Watching how Truman and Cooper admire each other, how they have honest conversations with each other, and how there’s an immediate rapport that deepens over time gives me hope for overcoming toxic masculinities. Although I was not assigned male at birth and am not a man, as some who experiences gender very differently from cisnormative narratives, I needed to see those elements of their relationship, too. I needed to see friendships that weren’t just “female friendship” or “men and women can’t be friends.” I needed to imagine a future in which I could be loved for just being myself and also was positively challenged to grow. I needed a relationship in which both of us emotionally supported each other, had honest and empathetic conversations about getting the work done, and had follow-through on both the physical and emotional sides of running a household and being in a relationship. I am used to having partners who relied on my femme labor for “making [them] want to be a better person” but never followed through or confronted their toxic masculinity. I needed to see relationships with truly equal partners who didn’t start their relationship as antagonists.
I needed–and still need–relationships like Cooper/Truman that are canon. I pride myself on my queer ability to read between the lines, but when a relationship in media is not explicit or acknowledged, it’s hard to extrapolate that onto your own life. For instance, I was socialized to think that feminism, particularly developing a more intersectional feminism, was something I’d have to beg my partner to accept about me. I was socialized to think old married couples bickered and that fighting was a necessary part of “keeping the spark alive” (barf). Of course, in 15 years I’ve seen folks go from trying to romance “I’m not feminist I’m a humanist” men to folks trying to romance “I’m a male feminist because I say so, not because I actually do the work” men. To that I say: it’s not your job to teach your romantic partners about being a decent human being. Your partner doing the bare minimum is not acceptable. If he (or she or they) doesn’t come equipped with basic inclusive feminism and a proven track record of growth and dealing with their shit, DO NOT ENGAGE. If I had seen relationships in media and in real life that challenged the status quo for straight (and, honestly, white) people in the ways I see in Cooper/Truman, I might have been able to see how my relationships should have been and have been better able to hold my partner accountable for his actions and attitudes.
Why is representation important? Because I had to extrapolate all of this into an unofficial narrative. Because it was not intended to be read that way. Because couldn’t just look and say, “gosh, it’s so nice to see two bi folks in a loving relationship that grew out of true friendship and that fosters mutual growth, maybe I can have that!” My hope is that sharing all of this with you, readers, is that you can foster, support, model, and create those kinds of relationships, too.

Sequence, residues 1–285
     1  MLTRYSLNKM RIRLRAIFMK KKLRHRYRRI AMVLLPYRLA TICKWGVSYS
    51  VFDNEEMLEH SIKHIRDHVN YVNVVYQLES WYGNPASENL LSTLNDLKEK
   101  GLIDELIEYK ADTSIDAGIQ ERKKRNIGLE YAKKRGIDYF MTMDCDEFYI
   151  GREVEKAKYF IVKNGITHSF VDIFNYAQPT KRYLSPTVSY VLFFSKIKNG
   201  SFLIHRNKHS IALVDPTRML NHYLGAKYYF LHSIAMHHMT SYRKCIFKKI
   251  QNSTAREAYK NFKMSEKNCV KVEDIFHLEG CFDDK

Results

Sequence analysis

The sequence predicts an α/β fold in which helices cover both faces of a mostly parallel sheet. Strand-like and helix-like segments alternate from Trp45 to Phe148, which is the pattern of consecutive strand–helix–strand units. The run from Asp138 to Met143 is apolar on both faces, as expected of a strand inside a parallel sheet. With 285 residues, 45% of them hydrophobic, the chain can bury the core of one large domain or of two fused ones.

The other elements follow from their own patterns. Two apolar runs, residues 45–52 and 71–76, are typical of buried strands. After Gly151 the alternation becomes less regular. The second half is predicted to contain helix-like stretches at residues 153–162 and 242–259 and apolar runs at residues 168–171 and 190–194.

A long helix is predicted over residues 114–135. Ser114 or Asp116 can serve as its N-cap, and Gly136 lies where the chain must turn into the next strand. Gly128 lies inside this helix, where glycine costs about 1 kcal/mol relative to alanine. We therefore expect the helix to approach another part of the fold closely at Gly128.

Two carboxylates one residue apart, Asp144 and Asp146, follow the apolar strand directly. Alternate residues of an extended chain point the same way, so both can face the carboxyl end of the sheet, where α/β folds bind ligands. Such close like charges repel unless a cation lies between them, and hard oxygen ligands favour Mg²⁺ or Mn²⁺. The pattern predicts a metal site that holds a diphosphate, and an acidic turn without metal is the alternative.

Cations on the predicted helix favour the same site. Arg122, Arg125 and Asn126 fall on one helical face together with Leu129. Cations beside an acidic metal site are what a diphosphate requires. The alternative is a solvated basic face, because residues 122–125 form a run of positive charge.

“I have no idea where this will lead us, but I have a definite feeling it will be a place both wonderful and strange.”
This Twin-Peaks themed cocktail combines Cooper’s two favorite things: Douglas Fir and cherry pie in the form of homemade Douglas-Fir-infused vodka (recipe in our zine The Corners of Their Mouth) and Old Ballard Cherry Bounce, a cherry liqueur that dates back to the 18th century and is produced right here in Seattle.
If you don’t have the access to clean Doug Fir tips (I got mine at the Seattle Farmers Market) or the inclination to infuse your own vodka, you can certainly buy it. If you can’t find Cherry Bounce (brandy infused with sour cherries, sugar, and spice), you can use Maraschino liqueur (which has a sour cherry + almond flavor) or try making your own. (Cherry Heering, a sweet cherry brandy, might make it too sweet, but if you try it, please let me know.)
If you want ME to do a side-by-side tasting comparison, you can drop me some cash in my Ko-fi towards my liquor fund because goddamn, the tax on alcohol is so extreme here that I can’t justify the cost of buying similar liqueurs for side-by-side taste testing. (Or trade me some of your booze stash.)
Based on The Arboretum by Brovo Spirits
1 oz Bourbon (I used 3 Howls Backbeat Bourbon)
1 oz Douglas Fir-infused vodka (buy it or make it yourself)
½ oz Cherry Bounce or Maraschino
2 dashes orange bitters
Shake over ice and strain.
Optional: garnish with a bourbon or brandy cherry.
Serve in a tumbler like a normal human or in a champagne flute if you’re feeling extra.
Herringbone Lattice Cherry Pie
Reminiscent of the chevrons in the Red Room.
For the cherry pie, we used the following recipes:
“Berry or Cherry Pie with Canned or Bottled Fruit,” The Joy of Cooking, 2006 ed. p. 677.
We used frozen cherries and quick-cooking tapioca as the thickener. If you have fresh cherries, Joy also has a recipe for that!
An all-butter version of the Joy of Cooking “Basic Pie or Pastry Dough (665) but with all butter instead of lard/shortening.
Herringbone Lattice Pie Guide from Serious Eats. You might want to try this with ribbons or paper first. The most important thing to remember is sets of 3s, and that you’ll need at least 9 pieces (12 is ideal) of vertical lattice to get the pattern.